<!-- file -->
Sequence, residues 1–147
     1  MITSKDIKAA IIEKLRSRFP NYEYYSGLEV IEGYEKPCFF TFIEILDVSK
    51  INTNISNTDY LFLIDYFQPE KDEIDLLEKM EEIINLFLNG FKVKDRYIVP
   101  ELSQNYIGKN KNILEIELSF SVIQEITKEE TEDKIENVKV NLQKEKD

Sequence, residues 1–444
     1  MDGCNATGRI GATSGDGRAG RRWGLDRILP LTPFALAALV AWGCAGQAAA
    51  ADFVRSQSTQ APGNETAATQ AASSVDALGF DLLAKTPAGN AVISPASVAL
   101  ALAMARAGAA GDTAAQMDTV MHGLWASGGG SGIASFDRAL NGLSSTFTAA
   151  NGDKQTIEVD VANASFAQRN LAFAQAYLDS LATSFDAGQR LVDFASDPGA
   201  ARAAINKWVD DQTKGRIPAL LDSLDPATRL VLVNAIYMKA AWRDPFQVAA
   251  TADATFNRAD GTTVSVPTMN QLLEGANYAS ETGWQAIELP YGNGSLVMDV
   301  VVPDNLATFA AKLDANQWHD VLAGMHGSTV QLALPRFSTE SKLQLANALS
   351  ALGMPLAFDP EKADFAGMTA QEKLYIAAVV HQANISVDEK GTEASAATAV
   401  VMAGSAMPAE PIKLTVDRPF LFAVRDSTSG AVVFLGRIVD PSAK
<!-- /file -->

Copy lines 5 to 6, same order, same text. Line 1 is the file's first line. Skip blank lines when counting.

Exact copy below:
Sequence, residues 1–444
     1  MDGCNATGRI GATSGDGRAG RRWGLDRILP LTPFALAALV AWGCAGQAAA